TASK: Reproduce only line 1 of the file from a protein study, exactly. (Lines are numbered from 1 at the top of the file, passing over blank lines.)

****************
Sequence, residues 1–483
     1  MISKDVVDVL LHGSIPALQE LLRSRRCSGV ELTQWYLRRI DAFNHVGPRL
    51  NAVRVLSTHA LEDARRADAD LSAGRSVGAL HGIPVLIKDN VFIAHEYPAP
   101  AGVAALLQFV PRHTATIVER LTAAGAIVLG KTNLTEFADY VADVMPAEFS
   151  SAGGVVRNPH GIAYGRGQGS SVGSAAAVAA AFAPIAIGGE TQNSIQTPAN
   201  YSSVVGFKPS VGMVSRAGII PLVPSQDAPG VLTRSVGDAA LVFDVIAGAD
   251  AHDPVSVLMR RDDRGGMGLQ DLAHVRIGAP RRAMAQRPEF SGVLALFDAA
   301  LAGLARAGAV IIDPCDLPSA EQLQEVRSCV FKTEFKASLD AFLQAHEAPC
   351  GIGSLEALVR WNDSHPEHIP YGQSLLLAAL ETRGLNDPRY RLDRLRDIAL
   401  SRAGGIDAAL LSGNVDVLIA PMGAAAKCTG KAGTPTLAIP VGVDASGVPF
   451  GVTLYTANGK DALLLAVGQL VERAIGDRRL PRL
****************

Sequence, residues 1–483